Dry mouth is a side effect of some cancer treatments. It may be a direct or indirect result of treatment. Saliva is necessary for taste, swallowing and speech. Therefore, a dry mouth can significantly impact daily activities and quality of life. Dry mouth treatment consists of symptomatic relief through stimulation of salivary flow, oral aids to decrease discomfort or intervention with medications.
Which treatments are likely to cause a dry mouth?
The most common therapy for cancer that causes a dry mouth is radiation therapy for head and neck cancers. The radiation damages the primary salivary glands in the mouth that generate saliva and produce a “wet” feeling, reducing their production of saliva.
Mouth sores are a side effect of many chemotherapy drugs, and this condition is sometimes called mucositis. Once you have mouth sores, you may also develop symptoms of a dry mouth. Most chemotherapy drugs can cause mouth sores, but this side effect is more frequent in patients who have been treated with the chemotherapy agents listed below:
- Alkeran® (melphalan)
- Purinethol® (mercaptopurine)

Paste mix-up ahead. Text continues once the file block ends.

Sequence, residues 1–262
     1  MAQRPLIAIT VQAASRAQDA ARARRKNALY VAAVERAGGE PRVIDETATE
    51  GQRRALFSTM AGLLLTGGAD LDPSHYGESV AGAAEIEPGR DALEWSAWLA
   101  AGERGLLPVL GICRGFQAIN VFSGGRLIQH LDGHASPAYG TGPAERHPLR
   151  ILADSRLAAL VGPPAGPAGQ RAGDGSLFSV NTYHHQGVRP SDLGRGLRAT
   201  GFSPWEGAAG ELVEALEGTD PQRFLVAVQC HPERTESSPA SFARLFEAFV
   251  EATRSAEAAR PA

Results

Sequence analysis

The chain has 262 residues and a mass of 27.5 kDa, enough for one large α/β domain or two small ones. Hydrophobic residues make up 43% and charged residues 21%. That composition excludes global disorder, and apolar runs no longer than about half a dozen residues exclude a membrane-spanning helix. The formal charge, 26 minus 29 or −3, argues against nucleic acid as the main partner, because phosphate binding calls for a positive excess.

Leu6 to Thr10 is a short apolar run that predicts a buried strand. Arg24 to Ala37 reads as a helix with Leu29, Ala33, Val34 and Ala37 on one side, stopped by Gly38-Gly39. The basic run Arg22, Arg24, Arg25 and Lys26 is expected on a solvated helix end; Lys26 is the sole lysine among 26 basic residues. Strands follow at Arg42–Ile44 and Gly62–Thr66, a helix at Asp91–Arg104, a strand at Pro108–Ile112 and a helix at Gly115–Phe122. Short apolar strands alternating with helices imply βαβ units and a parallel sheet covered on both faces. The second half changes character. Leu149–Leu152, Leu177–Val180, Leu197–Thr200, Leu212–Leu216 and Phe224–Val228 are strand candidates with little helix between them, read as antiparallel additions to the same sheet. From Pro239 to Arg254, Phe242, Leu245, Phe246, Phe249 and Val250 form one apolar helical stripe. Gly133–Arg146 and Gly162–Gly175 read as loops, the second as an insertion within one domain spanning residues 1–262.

- Camptosar® (irinotecan)
- Mutamycin® (mitomycin)
- Navelbine® (vinorelbine)
- Novantrone® (mitoxantrone)
- Taxotere® (docetaxel)
- Thioguanine® (6-thioguanine)
- Velban® (vinblastine)
What are the symptoms of a dry mouth?
Symptoms of a dry mouth are:
- A small amount of thick or stringy saliva
- A sore or burning feeling (especially on the tongue)
- Changes in the surface of the tongue
- Taste changes
- Cracked lips
- Cuts or cracks at the corners of the mouth
- Changes in your ability to articulate or speak clearly
- Difficulty wearing dentures
In addition to aiding in taste, swallowing and speech, saliva is also important for protecting your teeth against tooth decay. Eating sugary foods leaves acid in your mouth, which causes minerals to be lost from your teeth, leading to tooth decay. Saliva protects your teeth by neutralizing this acid.
Because saliva is a lubricant, it also acts to protect the cells that line your mouth. Without enough lubricant, the lining of your mouth becomes more susceptible to damage. Simply brushing your teeth or eating certain foods can damage the lining of your mouth. Once you get a small cut, it may not heal normally and can develop into a mouth sore that can be very uncomfortable and may make it difficult to eat.
What is the treatment for a dry mouth?
Treatment for a dry mouth is aimed at either relieving symptoms or preventing the damage before it happens.
- Sipping water
- Gargling with a salt and soda mouthwash
- Artificial saliva spray